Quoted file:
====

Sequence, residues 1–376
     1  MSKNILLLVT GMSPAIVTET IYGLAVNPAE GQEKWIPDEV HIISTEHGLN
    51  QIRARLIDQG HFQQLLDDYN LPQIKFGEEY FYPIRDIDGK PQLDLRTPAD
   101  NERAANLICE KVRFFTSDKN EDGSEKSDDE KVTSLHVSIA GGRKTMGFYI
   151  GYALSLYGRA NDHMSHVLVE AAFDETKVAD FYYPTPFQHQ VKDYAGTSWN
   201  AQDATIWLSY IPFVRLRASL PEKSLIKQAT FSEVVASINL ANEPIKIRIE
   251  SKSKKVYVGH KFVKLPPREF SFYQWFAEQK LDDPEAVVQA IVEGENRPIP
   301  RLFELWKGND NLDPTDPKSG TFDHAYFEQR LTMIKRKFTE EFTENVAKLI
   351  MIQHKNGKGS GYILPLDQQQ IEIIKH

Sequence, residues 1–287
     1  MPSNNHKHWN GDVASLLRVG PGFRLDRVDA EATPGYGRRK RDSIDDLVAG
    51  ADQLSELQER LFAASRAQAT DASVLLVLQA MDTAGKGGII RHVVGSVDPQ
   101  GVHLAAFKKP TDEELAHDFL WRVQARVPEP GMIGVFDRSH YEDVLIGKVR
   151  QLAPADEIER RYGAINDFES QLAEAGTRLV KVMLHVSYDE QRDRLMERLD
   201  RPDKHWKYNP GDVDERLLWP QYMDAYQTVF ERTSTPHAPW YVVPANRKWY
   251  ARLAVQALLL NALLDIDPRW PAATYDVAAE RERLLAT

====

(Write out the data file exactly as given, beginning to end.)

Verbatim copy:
Sequence, residues 1–376
     1  MSKNILLLVT GMSPAIVTET IYGLAVNPAE GQEKWIPDEV HIISTEHGLN
    51  QIRARLIDQG HFQQLLDDYN LPQIKFGEEY FYPIRDIDGK PQLDLRTPAD
   101  NERAANLICE KVRFFTSDKN EDGSEKSDDE KVTSLHVSIA GGRKTMGFYI
   151  GYALSLYGRA NDHMSHVLVE AAFDETKVAD FYYPTPFQHQ VKDYAGTSWN
   201  AQDATIWLSY IPFVRLRASL PEKSLIKQAT FSEVVASINL ANEPIKIRIE
   251  SKSKKVYVGH KFVKLPPREF SFYQWFAEQK LDDPEAVVQA IVEGENRPIP
   301  RLFELWKGND NLDPTDPKSG TFDHAYFEQR LTMIKRKFTE EFTENVAKLI
   351  MIQHKNGKGS GYILPLDQQQ IEIIKH

Sequence, residues 1–287
     1  MPSNNHKHWN GDVASLLRVG PGFRLDRVDA EATPGYGRRK RDSIDDLVAG
    51  ADQLSELQER LFAASRAQAT DASVLLVLQA MDTAGKGGII RHVVGSVDPQ
   101  GVHLAAFKKP TDEELAHDFL WRVQARVPEP GMIGVFDRSH YEDVLIGKVR
   151  QLAPADEIER RYGAINDFES QLAEAGTRLV KVMLHVSYDE QRDRLMERLD
   201  RPDKHWKYNP GDVDERLLWP QYMDAYQTVF ERTSTPHAPW YVVPANRKWY
   251  ARLAVQALLL NALLDIDPRW PAATYDVAAE RERLLAT